Wednesday, June 05, 2019


Yesterday Andrew promised the children that if they were good we could watch Captain Marvel as a family. And they were rather well-behaved. But then Karolla invited Benjamin to go to the baseball game with her and Grandpa.

"No, thanks," Benjamin said when Grandpa asked him if he wanted to go.

"What?" I asked, truly shocked.

Benjamin adores Karolla and is always asking to do things with her.

"I want to watch Captain Marvel," he explained.

"We can do that anytime," I told him. "This is a one-time offer. They only have baseball tickets tonight. And besides, we're moving in three weeks and then you won't be around to invite to a baseball game."

"Yeah. I still want to watch Captain Marvel."

"I'm not sure you're making the right choice here," I said. "When you're given a once-in-a-lifetime opportunity versus an any-old-day opportunity you take the once-in-a-lifetime thing!"

"Yeah. I still want to watch Captain Marvel."

It's not that I think I am better at making decisions than Benjamin is (I am), but clearly he wasn't thinking about this scenario from every angle. If ultimately he decided to not attend the baseball game after fully considering the baseball game, that would be fine. But he honestly didn't even really consider the game as an option.

"There will be dinner there," Grandpa taunted.

Karolla's work provided the tickets, as well as an all-you-can-eat buffet up in the fancy box place (or whatever it's called at a baseball stadium).

"We're going to have dinner here, too," Benjamin said.

"Let's call Dad and see what he thinks you should do," I suggested.

So we called up Andrew and gave him the scoop. Andrew agreed that Benjamin should go with Grandpa and Karolla. We would watch Captain Marvel together the next night (because it's an activity we could easily postpone, due to it being an any-old-day opportunity).

Benjamin tearfully relented.

"But I was so good!" he wailed.

"You were," I agreed. "But you can be good again."

"I don't know!" he blubbered. "I was so good today, Mom."

He really did earn a movie night with his behaviour. But he had a great time at the baseball game, too. I don't know if he loved watching the game, though he was in awe of how fast those players had the ball moving, but he certainly enjoyed the buffet.

"I had popcorn, drunk sprite, ate like three churros, and a hamburger without a bun!" he related to his sisters the following morning.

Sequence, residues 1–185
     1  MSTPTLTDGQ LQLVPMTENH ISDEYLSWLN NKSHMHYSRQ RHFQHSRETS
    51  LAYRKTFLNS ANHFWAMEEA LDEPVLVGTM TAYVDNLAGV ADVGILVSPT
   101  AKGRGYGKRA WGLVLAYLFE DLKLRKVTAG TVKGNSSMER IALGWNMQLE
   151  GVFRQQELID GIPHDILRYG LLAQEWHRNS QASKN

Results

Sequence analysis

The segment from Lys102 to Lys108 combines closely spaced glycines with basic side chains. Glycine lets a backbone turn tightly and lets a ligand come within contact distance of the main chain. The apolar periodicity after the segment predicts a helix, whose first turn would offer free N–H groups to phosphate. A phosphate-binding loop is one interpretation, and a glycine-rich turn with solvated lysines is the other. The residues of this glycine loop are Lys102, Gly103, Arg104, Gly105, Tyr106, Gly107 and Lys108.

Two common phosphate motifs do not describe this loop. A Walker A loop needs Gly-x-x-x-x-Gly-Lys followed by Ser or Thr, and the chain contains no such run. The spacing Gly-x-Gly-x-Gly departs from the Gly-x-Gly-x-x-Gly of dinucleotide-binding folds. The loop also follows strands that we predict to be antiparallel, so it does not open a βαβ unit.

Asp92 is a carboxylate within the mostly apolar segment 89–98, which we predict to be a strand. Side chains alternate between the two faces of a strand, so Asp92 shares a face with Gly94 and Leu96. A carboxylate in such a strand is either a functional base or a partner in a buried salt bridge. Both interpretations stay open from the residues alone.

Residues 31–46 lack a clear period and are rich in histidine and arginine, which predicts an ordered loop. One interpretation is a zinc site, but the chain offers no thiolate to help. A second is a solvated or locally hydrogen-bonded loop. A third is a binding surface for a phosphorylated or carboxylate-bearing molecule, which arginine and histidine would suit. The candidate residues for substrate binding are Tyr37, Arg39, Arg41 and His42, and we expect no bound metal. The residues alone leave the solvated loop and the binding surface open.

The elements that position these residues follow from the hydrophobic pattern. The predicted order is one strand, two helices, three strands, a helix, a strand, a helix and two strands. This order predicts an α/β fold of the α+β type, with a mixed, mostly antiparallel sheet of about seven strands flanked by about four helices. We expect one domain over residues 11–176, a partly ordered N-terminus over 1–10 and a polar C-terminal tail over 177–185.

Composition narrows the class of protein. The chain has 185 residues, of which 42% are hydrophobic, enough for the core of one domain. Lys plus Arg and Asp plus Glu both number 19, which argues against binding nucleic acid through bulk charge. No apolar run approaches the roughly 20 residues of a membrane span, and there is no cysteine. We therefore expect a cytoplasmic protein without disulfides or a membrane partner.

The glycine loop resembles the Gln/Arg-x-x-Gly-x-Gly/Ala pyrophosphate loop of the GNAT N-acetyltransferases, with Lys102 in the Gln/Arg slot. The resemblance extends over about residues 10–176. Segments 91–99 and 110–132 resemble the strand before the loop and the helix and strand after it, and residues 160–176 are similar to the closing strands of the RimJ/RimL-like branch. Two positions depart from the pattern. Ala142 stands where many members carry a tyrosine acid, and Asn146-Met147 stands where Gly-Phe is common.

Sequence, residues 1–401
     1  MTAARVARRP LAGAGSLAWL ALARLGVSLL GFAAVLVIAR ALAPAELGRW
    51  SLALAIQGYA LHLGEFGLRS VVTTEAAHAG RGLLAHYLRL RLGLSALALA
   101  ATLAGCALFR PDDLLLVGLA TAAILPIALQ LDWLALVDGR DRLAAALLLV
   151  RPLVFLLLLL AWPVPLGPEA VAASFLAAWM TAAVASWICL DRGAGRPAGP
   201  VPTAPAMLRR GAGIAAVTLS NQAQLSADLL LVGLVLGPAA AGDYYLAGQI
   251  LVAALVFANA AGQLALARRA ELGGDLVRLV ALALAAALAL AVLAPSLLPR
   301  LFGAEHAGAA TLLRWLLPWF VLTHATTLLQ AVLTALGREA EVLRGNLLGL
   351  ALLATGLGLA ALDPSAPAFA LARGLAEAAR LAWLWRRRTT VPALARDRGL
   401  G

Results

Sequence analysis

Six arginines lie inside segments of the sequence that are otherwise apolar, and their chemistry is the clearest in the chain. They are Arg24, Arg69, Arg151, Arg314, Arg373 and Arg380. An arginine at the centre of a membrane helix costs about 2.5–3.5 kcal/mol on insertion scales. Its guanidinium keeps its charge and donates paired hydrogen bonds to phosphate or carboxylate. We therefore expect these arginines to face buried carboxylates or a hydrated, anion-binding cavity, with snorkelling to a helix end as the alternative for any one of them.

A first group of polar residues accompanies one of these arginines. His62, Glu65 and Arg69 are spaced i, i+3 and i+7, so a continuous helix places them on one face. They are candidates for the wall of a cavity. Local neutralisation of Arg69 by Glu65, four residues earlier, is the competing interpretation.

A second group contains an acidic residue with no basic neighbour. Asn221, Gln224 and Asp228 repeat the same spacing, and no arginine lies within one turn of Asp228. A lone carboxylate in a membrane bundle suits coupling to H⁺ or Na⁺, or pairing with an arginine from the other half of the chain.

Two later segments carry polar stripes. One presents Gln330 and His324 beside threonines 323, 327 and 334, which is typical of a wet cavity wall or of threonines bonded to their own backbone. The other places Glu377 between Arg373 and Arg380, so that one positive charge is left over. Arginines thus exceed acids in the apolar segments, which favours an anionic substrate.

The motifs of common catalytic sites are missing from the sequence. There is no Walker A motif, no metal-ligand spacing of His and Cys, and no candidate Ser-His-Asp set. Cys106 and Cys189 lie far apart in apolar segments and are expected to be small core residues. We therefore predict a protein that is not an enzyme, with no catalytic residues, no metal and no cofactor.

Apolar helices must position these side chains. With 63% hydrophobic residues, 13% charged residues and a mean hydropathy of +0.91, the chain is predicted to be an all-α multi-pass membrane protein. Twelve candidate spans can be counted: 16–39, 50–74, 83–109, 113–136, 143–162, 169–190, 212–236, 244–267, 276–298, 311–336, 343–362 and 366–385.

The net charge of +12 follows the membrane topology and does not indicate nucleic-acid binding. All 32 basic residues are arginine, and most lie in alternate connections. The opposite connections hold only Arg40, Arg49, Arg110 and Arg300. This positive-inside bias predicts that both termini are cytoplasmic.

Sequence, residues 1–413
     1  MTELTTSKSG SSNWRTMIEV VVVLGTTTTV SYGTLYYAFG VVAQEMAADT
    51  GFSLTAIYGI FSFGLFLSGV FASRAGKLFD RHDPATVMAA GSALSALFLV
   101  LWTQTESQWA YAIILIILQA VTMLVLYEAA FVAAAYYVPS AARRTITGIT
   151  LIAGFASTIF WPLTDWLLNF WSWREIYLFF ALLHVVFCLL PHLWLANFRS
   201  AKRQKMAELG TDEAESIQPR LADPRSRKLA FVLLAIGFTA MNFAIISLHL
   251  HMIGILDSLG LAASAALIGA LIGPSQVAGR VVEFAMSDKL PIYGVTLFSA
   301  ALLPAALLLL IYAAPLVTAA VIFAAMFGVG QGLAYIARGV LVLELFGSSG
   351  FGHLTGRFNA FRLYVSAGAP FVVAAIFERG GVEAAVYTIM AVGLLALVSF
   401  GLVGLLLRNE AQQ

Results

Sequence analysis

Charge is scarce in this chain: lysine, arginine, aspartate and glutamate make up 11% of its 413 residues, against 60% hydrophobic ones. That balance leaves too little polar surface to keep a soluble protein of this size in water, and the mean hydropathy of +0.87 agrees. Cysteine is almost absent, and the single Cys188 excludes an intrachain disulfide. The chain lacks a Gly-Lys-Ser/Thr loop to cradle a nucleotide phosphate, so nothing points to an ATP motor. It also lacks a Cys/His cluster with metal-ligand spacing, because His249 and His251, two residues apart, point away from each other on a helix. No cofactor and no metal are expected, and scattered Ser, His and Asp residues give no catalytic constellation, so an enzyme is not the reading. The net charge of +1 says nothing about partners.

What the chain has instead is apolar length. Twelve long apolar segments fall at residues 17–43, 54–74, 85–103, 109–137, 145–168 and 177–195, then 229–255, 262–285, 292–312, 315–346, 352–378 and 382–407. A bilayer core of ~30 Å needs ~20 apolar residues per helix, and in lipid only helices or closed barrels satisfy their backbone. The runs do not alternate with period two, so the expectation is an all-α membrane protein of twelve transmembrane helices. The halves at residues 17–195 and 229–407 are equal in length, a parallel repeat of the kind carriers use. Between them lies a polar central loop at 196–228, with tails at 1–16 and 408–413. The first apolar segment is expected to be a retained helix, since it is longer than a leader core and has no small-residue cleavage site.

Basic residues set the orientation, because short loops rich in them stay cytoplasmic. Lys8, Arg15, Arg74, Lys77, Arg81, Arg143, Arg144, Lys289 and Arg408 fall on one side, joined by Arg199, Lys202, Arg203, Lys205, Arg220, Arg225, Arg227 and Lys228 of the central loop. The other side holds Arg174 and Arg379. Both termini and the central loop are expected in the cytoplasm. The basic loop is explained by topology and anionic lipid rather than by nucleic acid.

He got home too late to tell them about it last night. So late that he cried when he couldn't find clean pyjamas (they were in the dryer), cried because the Bees were losing when they left (they didn't stay until the end), cried because he wasn't allowed to sleep in the tent, and then he cried because Andrew said that he (meaning Benjamin) and Zoë could sleep in the tent the next night and he (meaning Benjamin) didn't want to sleep out there with him and Zoë alone (though naturally Andrew had meant that some bigger people would be out there, too).


Rachel's friend Ava slept over last night and they wanted to sleep in the tent in the backyard, so Andrew helped them set it up. Miriam was going to sleep out there as well, but there was a moth in the tent that was too frightening to fall asleep with, so she came inside shortly after 10:00 to sleep in her own bed.

But before they went to bed they watched a movie and played some games out there.


Zoë had wanted to go to the baseball game as well. She had rushed around with Benjamin, getting ready—she put on long pants so the bugs wouldn't eat her ankles and had brushed her hair.  She was crushed when we told her that only Benjamin was invited for this outing.

She was, once again, crushed when we told her that she wasn't invited to sleep in the tent that evening, either (though she is invited for tonight, though I doubt she'll last).

Instead she was invited to go on a lousy walk with Mom and Dad to return the Mario Kart cars I'd borrowed for Benjamin's cake. We returned what we'd borrowed and then Andrew announced it was time to go home and get ready for bed.

"But this is a shortcut to the park!" Zoë hinted (even though it was more of a long-cut).

"Well, it's bedtime," Andrew said.

"Oh, let's take them to the park," I said. "It's just us and the babies. We should take them to the park and let them do all the little kid things they want without having to share us with the big kids."

"All the more reason to get them to bed," Andrew said. "We can start on a project right away!"

"Benjamin's out at a baseball game and Rachel and Miriam are camping in the backyard," I pointed out. "And Zoë was categorically uninvited to both activities and you feel alright denying her the playground as well?"

"I do," he answered.

Never has his status as oldest child been more apparent. I told him so.

Then I said, "As a child #4, I think we should make a stop at the park before bedtime."

And so we did.

And everyone went to bed happy (except for Benjamin who had stayed up too late but otherwise had an enjoyable time, and Miriam who was too afraid of the moth in the tent to fall asleep).

(Also: everyone is watching Captain Marvel as I write this (except for me because I'm writing this and reading stories to the baby on my lap—yes, at the same time)).

1 comment:

  1. I was hankering for some Heissatopia! What a reward for the wait: 4 posts!!